Recognize that problems are opportunities of change. We seek a set of moral standards and character traits that allows them to thrive in the world. Students will be taught with “Unconditional Positive Regard” and teachers will model appropriate behavior. Students will experience the joy of learning as a lifelong process. The value system that underlies efforts to accomplish this mission includes these beliefs and student Expectations: • The school community will be a safe and caring environment that promotes respect, self-worth, creativity, and academic growth. All members of the school community work collaboratively. This process includes good communications, shared decision-making and accountability. • Learning is a process in which all can participate and succeed. Inherent in the process is innovation, risk-taking, and the challenge of one’s personal limits. • The school community should foster the intellectual, emotional, and physical well-being of each student. • Diversity should be welcomed for the strength it brings to the education of all members of the school community. Education should be celebrated as a lifelong process that fosters person and positive growth. The staff and administration and a group of students worked on a committee that helped plan and develop the vision and mission statements for Carlos Vigil Middle School. Finally, the school will hold a contest to develop a “Character Logo” that will be in every classroom and part of the school community. The winning design will be made into huge posters, banners, and will represent what we as a school are our most important character traits.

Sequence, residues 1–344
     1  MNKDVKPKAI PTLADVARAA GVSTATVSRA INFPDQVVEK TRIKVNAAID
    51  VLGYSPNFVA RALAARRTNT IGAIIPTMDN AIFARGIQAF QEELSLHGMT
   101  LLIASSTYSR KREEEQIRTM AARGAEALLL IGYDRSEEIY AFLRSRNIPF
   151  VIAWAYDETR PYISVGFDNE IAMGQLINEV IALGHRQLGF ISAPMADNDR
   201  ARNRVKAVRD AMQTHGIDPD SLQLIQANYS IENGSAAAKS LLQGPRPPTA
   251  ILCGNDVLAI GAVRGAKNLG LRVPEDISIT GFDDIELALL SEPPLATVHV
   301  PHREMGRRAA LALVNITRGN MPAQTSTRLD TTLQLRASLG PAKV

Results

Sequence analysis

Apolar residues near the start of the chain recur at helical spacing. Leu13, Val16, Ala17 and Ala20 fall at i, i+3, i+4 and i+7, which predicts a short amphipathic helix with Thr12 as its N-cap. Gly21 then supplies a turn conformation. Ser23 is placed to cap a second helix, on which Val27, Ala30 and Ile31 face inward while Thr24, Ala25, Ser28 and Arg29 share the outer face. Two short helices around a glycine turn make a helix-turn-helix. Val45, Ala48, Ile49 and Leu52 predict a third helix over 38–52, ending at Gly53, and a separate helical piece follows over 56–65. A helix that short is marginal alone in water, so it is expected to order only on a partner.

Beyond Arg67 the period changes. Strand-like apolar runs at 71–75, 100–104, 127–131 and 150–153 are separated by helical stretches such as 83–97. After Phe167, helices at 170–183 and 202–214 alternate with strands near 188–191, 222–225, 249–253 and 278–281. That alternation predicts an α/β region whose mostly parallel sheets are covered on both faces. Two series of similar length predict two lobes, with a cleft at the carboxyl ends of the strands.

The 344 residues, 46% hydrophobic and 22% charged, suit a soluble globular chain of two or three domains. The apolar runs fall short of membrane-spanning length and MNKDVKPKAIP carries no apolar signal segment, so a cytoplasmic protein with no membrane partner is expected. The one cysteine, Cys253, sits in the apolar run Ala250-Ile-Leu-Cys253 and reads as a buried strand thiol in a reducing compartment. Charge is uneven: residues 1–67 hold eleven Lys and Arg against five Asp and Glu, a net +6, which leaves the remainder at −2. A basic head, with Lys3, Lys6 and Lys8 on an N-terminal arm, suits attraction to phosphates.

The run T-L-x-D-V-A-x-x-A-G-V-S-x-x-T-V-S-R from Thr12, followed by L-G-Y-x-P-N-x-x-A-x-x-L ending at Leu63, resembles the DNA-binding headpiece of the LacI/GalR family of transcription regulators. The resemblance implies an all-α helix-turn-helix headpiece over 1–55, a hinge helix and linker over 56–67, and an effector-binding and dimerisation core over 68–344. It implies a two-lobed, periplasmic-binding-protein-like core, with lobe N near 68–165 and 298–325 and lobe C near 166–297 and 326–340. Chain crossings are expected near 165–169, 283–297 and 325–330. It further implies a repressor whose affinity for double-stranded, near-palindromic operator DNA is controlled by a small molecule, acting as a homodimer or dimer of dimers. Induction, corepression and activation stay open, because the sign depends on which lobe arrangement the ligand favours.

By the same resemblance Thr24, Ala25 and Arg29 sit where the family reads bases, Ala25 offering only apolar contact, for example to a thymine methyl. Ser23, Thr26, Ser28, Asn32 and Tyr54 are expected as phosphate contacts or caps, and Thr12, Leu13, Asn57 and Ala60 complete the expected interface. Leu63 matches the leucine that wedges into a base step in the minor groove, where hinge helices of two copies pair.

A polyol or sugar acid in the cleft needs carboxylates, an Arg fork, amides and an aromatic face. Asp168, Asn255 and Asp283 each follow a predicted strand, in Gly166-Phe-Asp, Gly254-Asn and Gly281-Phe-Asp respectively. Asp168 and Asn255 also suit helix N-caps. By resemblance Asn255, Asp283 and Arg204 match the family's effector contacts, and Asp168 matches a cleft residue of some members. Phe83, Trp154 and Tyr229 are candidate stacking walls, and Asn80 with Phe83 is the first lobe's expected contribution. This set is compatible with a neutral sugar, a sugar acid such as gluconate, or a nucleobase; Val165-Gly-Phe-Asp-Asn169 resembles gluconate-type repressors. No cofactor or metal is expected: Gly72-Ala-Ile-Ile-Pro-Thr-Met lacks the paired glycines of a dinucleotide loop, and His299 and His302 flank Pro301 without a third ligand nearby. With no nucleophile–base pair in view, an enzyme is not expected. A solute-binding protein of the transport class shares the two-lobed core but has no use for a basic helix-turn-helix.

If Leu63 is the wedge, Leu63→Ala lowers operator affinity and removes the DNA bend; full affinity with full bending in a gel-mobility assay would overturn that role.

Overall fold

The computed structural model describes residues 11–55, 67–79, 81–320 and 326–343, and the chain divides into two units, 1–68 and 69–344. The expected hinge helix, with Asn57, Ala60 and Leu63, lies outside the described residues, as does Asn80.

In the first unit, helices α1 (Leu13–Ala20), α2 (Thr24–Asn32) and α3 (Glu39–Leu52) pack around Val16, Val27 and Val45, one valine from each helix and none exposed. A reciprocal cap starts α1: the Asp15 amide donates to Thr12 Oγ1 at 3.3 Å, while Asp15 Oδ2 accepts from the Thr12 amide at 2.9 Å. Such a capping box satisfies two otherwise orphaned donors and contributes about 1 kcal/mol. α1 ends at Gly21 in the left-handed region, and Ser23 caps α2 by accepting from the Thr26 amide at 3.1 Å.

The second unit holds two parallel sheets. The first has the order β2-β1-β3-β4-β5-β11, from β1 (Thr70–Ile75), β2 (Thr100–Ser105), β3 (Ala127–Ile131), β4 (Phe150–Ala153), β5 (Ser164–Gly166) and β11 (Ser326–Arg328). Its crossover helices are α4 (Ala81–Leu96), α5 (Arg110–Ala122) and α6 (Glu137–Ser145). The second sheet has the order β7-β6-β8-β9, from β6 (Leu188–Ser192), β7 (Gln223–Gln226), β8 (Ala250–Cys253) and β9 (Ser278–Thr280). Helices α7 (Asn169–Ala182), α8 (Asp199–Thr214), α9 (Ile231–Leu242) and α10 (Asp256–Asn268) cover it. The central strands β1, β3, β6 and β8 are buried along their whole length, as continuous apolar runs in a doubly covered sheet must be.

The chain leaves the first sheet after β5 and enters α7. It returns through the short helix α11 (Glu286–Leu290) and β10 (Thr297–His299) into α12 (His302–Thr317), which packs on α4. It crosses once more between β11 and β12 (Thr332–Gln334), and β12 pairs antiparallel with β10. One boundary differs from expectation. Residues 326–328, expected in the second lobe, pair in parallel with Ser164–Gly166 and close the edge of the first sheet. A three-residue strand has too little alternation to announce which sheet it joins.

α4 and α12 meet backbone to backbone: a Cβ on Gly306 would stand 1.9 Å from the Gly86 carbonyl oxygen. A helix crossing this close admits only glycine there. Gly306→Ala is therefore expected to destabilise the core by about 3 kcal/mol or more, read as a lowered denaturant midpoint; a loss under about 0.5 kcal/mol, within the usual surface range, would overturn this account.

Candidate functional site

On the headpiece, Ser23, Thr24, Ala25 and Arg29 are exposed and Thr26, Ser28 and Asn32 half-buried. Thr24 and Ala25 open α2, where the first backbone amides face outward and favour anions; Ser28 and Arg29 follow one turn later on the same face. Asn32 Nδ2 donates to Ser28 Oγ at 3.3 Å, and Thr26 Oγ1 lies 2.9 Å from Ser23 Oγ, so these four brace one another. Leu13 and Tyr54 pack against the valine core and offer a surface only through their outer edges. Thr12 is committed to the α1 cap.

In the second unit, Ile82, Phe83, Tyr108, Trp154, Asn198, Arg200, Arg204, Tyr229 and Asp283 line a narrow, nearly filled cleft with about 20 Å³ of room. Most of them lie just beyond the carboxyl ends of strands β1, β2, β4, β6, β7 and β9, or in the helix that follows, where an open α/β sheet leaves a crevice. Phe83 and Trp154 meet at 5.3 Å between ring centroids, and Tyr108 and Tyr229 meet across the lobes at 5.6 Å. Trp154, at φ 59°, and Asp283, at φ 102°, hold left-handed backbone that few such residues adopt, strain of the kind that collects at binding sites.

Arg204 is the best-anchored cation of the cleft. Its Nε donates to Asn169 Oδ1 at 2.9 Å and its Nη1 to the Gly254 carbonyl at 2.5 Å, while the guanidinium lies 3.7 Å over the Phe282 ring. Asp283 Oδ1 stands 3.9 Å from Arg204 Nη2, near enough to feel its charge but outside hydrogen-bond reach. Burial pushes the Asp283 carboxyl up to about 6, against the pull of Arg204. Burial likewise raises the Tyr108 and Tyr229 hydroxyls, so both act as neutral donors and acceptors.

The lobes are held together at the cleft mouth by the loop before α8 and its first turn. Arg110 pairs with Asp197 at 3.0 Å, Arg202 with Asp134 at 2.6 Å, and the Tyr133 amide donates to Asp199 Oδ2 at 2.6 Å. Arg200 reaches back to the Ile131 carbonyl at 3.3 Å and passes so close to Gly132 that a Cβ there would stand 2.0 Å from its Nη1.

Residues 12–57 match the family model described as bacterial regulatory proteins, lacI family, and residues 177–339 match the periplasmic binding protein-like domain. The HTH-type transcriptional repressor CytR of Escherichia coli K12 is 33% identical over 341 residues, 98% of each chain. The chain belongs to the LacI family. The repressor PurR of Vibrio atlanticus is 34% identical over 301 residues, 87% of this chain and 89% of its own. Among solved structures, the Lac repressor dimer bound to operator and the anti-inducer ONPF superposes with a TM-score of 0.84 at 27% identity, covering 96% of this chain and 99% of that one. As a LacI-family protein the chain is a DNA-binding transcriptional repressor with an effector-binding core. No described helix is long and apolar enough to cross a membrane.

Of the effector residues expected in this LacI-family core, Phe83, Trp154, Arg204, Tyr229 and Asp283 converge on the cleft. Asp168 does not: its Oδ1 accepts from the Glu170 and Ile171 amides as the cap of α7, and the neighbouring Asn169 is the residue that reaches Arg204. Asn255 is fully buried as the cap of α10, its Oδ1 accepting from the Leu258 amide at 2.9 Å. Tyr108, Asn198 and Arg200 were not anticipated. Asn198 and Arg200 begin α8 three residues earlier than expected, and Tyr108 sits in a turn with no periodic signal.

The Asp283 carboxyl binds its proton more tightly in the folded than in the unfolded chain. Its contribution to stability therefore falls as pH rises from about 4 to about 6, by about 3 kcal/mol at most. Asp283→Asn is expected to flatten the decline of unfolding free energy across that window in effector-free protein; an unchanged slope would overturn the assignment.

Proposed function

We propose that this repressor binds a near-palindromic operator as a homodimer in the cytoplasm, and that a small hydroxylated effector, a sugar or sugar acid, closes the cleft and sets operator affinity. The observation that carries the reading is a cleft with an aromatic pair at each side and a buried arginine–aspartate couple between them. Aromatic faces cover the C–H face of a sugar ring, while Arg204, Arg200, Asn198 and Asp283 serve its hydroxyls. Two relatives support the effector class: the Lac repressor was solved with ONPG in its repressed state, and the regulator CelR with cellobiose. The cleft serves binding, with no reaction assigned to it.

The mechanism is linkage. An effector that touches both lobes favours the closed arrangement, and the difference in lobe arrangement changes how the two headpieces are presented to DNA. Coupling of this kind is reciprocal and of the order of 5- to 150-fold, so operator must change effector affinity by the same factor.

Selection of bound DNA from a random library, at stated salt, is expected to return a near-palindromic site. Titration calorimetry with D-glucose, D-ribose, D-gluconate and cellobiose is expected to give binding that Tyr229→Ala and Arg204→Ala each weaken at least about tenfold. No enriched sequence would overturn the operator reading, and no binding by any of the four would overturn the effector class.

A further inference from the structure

Once the vision and mission statements have been decided upon the next step would be to present the ‘Logic Model’, and the flow chart will be explored throughout this paper. The logic model as described by W. K. Kellogg in his Logic Model Development Guide: “In general, logic modeling can greatly enhance the participatory role and usefulness of evaluation as a management and learning tool. Developing and using logic models is an important step in building community capacity and strengthening community voice.
The ability to identify outcomes and anticipate ways to measure them provides all program participants with a clear map of the road ahead. Map in hand, participants are more confident of their place in the scheme of things, and hence, more likely to actively engage and less likely to stray from the course – and when they do, to do so consciously and intentionally. Because it is particularly amenable to visual depictions, program logic modeling can be a strong tool in communicating with diverse audiences – those who have varying world views and different levels of experience with program development and evaluation. (Kellogg, P. 111) Logic Model Development Guide The school system including the principal, counselors, administrators, and a group of teachers collaborated on helping to decide on the program that would be implemented “Time To Teach” and which behaviors that we were going to “Teach To” if we plug these behaviors into the flow chart model each segment will have a chart that represents that particular behavior or character trait. A typical flow chart will include the following: